@ Sylvia — I have no premise on which to base such confidence, but in conversation with Mme Joly today I learned that she feels confident leaving the team to its own devices now. She has also recommended that they consult with foreign experts, and like Rik, I hope they do. And I think they will.

    @ Rik — I’ve just put up a lengthy post about today, but there are other things that transpired that cheered me up immensely. One of those is the planned establishment of a centre here in Iceland called the Eva Joly Institute for Justice and Democracy. I’ll have to reserve that for a subsequent post, though.

  • Rik Hardy October 14, 2010, 12:01 am

    Hey, Alda! I’m cheered-up already!
    Thanks!

  • kevin oconnor,waterford,ireland October 14, 2010, 4:39 am

    Of course Iceland will be transformed failing that a Dutch and British invasion fleet will take over to get the €5 billion (As in WWII when the British invaded to prevent Icelanders learning fluent German and then the Yankees took over in 1941 and stayed till 2006 to prevent you learning fluent Russian, then dropped you like a discarded toy it was bored with.)

    So for 2 tortuous years you stood alone ignored by the world but your Banks went into the stratosphere of success becoming 10 times your GDP and Iceland became so much more than Cod,Bjork and a chain of supermarkets in the UK.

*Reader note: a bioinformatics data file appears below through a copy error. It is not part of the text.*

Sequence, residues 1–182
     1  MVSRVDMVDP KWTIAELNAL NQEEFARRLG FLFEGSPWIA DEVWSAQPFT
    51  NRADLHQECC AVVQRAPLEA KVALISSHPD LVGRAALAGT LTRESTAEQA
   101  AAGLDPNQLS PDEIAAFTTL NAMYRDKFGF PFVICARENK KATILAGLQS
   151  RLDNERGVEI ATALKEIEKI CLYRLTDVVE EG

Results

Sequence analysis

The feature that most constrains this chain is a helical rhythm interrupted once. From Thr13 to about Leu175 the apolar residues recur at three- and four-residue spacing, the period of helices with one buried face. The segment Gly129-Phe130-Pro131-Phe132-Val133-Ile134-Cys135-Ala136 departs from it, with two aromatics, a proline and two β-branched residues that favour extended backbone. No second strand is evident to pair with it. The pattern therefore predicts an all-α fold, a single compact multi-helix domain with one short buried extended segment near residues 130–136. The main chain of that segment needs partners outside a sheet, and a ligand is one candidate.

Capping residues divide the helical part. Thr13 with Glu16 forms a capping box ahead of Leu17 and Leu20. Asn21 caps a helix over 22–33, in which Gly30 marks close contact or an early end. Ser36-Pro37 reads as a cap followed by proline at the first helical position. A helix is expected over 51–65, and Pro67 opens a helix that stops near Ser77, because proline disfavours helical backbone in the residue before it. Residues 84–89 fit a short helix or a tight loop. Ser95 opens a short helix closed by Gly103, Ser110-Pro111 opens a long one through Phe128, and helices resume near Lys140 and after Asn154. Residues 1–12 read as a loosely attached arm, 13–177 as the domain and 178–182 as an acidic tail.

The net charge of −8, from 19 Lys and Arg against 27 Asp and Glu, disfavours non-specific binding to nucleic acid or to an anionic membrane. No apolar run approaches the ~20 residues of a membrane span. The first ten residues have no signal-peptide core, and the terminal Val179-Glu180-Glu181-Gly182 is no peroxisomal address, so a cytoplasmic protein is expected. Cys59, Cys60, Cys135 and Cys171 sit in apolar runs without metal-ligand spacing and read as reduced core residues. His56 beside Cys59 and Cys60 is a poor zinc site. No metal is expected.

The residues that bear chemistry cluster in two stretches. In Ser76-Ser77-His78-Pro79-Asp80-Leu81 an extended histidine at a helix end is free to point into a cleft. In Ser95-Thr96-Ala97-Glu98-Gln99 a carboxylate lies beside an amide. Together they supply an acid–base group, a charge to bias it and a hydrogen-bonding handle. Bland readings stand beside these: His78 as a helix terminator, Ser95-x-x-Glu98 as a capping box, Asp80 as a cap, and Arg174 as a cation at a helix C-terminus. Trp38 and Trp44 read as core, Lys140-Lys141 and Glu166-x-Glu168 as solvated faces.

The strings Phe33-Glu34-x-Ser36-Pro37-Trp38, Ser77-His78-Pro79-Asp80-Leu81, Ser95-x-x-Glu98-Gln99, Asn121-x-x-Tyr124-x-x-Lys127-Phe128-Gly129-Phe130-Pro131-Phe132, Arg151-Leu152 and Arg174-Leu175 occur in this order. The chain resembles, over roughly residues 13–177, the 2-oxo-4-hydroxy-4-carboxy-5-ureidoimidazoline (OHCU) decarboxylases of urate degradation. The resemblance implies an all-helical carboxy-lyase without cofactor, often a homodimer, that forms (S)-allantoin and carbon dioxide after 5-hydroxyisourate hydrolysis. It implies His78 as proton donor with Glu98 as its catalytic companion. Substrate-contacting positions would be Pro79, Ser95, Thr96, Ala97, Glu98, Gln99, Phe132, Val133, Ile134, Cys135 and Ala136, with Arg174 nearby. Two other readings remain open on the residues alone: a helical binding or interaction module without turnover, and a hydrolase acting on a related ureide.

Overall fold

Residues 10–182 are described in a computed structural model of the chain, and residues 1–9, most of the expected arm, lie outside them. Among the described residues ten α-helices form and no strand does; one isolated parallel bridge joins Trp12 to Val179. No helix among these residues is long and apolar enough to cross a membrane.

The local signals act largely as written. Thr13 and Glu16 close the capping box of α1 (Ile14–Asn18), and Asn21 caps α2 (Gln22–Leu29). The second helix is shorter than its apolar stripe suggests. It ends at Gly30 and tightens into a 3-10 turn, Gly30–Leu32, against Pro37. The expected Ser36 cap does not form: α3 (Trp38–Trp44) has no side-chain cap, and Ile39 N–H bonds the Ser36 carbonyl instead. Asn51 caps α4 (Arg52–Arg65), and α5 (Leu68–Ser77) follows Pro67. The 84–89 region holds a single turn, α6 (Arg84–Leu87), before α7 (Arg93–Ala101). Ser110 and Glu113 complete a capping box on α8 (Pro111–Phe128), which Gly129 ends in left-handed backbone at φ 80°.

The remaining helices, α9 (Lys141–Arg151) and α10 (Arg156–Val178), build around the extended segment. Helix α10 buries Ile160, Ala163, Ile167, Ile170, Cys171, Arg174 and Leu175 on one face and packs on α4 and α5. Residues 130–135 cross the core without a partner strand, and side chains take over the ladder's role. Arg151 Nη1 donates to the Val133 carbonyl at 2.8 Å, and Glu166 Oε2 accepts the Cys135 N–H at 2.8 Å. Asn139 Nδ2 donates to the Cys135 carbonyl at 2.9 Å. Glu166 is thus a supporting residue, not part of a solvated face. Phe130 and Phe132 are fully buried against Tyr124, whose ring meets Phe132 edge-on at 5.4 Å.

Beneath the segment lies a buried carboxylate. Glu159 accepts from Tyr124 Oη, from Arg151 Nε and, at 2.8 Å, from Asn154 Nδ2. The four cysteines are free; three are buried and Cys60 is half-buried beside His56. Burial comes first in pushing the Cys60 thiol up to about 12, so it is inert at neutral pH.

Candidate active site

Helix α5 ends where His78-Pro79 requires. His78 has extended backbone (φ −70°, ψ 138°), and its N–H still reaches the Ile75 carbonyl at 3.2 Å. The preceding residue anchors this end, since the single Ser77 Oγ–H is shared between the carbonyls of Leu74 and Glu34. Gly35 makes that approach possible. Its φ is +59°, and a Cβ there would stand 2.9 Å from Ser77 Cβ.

But now with the imminent melting of the ice cap and new shipping routes to China plus all billions of barrels of oil and gas and arguments between Norway,Russia,Canada,Greenland(Denmark),Nited States about who owns the North Pole relax you are in the combat zone your problems are over.

    Ps I almost forgot maybe the Chinese will come for another visit.

    PPs If the Arctic ice cap melts because we burn hydrocarbons surely that would be an argument for not drilling the Arctic, Oh never mind what do I know.

  • kevin oconnor,waterford,ireland October 14, 2010, 4:52 am

    @Rik Hardy yes I can cheer you and Alda up. You could have me ruling Iceland, Hmmmm Dave’s not that bad after all ha ha.